Tuesday, October 09, 2007

In Defense of Stupid Studies

Last weekend I was hanging with friends when the topic got around to the government wasting money on stupid studies. Their gripe was about a study that showed that the rate of Post Traumatic Stress Disorder is more common among troops who had done multiple tours in Iraq than those who had done fewer.

While I agree that the government should not be paying for these studies, I tried to argue that the studies themselves aren’t wastes. Even ones that show “well duh!” conclusions like proving that people watch TV to alleviate boredom are not a waste of time or money.

Over the past week I’ve come up with two arguments against what is fundamentally a failure to appreciate different qualities of knowledge.

First: What you might call obvious, I might call an assumption. It comes down to different requirements in what it takes to “know” something. My first retort to my friends’ questioning of doing this study is that conventional wisdom gets slammed quite frequently by someone rigorously examining the evidence. Unfortunately, I couldn’t come up with an answer to the retort “When have you ever heard of such a case?” At the best I could recall nothing better than how everyone “knew” that the sun revolved around a flat earth. It took a couple of days to remember reading about experiments showing that being physically chilled does not make one more likely to catch a cold, or that eating less than half an hour before swimming does not increase the rate of getting cramps. Imagine if either of these experiments had confirmed the conventional wisdom? Then the old hindsight bias kicks in and the money spent on is declared “wasted”.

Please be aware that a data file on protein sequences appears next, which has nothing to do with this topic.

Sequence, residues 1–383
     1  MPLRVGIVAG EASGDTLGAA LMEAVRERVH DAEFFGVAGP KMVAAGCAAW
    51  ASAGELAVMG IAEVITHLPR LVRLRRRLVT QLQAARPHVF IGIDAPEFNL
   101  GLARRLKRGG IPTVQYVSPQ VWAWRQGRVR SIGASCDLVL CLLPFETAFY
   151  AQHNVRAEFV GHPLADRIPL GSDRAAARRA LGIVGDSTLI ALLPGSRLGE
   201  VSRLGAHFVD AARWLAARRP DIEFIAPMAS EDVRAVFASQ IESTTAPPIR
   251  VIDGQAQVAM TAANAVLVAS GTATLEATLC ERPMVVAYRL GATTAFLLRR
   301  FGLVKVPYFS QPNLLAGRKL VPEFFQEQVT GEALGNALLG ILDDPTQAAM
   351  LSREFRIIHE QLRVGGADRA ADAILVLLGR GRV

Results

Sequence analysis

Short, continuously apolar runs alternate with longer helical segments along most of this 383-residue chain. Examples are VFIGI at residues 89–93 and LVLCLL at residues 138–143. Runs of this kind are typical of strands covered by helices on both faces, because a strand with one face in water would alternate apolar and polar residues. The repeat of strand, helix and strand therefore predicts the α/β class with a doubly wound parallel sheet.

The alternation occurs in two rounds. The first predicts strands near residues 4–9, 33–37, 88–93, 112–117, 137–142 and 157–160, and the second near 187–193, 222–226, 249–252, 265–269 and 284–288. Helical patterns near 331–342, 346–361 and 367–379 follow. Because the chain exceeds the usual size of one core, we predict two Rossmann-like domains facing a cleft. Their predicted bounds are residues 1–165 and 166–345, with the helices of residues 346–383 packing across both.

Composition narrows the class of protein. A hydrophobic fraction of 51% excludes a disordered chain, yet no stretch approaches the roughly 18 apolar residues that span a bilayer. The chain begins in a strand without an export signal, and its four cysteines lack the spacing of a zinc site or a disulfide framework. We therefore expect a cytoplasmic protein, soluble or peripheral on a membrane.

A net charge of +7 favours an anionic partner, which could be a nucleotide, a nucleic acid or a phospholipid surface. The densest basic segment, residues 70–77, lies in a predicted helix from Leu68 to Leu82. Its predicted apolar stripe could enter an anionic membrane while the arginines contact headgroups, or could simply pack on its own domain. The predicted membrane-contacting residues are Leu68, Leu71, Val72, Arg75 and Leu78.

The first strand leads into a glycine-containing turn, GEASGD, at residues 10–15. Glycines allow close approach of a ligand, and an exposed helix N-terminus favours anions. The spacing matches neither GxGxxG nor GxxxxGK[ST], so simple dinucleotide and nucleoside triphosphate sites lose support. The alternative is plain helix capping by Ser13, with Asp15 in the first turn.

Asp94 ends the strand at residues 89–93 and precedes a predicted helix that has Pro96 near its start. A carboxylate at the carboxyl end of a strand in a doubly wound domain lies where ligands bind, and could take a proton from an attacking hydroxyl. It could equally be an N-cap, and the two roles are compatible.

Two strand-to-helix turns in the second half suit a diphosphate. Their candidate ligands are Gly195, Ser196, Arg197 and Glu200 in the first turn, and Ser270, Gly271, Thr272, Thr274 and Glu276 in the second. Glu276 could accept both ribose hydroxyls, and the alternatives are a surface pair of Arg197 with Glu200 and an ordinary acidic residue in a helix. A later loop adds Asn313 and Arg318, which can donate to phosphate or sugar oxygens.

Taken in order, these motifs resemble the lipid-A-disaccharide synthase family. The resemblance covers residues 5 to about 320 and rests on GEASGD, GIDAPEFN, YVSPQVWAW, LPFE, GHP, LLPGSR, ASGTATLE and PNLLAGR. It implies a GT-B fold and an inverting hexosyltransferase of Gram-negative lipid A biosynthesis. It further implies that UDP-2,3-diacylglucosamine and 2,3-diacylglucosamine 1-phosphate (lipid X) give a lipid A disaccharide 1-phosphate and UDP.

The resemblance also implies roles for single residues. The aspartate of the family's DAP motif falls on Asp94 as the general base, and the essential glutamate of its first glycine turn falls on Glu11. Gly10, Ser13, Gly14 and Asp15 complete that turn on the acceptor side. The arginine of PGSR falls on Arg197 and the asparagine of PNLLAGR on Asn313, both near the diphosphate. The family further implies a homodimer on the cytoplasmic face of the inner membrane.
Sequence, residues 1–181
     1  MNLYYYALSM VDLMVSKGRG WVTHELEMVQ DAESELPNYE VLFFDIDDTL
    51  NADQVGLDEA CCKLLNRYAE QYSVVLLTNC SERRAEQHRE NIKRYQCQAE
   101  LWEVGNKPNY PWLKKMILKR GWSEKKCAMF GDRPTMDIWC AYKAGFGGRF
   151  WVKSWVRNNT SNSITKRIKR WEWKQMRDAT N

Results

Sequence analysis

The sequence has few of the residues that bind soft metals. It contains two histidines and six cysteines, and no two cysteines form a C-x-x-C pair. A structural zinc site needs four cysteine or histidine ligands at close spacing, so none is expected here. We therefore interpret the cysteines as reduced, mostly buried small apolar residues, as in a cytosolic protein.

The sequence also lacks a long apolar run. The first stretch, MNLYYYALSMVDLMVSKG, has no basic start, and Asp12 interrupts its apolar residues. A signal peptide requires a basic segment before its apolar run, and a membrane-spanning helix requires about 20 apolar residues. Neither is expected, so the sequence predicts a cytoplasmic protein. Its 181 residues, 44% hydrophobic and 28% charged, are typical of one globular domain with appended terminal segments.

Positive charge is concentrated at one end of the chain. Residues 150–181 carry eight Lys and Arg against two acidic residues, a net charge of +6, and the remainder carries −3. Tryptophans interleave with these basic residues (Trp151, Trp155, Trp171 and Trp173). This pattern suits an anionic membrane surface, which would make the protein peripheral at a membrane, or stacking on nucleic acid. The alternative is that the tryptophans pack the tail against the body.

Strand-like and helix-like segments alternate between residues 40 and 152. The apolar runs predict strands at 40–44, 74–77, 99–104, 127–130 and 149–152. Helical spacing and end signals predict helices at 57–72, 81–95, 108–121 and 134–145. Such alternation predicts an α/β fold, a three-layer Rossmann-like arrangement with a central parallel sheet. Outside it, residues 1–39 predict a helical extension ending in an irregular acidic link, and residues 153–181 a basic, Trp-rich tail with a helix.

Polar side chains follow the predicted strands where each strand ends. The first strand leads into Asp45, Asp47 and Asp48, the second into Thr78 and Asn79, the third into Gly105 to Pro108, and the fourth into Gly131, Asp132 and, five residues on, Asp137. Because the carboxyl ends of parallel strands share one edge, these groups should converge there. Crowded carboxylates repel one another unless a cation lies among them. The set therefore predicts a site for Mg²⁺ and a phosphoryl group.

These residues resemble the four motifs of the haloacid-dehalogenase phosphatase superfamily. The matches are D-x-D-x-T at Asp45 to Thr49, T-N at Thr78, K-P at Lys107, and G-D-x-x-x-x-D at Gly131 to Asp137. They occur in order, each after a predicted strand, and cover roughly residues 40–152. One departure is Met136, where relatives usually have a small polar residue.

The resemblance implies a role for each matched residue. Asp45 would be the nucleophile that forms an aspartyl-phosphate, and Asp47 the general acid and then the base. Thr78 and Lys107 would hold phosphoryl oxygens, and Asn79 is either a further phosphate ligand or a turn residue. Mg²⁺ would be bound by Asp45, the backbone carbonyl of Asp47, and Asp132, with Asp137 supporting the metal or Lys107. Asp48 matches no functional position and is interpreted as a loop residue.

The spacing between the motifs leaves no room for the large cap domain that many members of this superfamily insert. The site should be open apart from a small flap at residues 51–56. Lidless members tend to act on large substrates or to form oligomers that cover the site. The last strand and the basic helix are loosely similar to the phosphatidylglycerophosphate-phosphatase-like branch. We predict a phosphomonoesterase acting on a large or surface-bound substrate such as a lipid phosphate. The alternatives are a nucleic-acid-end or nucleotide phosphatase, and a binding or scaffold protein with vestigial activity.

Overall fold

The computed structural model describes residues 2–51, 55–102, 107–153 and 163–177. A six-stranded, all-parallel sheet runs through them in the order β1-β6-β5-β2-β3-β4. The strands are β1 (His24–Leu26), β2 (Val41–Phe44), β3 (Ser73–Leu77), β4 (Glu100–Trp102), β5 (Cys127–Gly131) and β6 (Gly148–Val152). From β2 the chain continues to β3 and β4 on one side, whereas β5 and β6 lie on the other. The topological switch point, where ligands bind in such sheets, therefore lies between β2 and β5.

Second: A stupid study tests not only the obvious conclusion but the concepts that go into the creation of the obvious conclusion. To butcher an old expression: Scientific discovery is not heralded by “Eureka” but by “What the (bleep), that doesn’t make any sense.” The result of a study is said to make sense if it fits with the previous conclusions that make up the dominant theory. If the data makes sense, then the paradigm is just hunky-dory. If not, one of those pesky paradigm shifts is in the offing, or at least will be once the parameters of the experiment have been verified down to the last measure. The tricky part is that one never knows just which conclusion is the one that will be the thread that unravels the whole conceptual sweater.

So next time you hear about a study that leaves you saying, “I could have told you that,” think instead that you have been given proof that you were right all along. That and future generations won't think you quaint for believing something just because it was superficially obvious.

Tuesday, October 02, 2007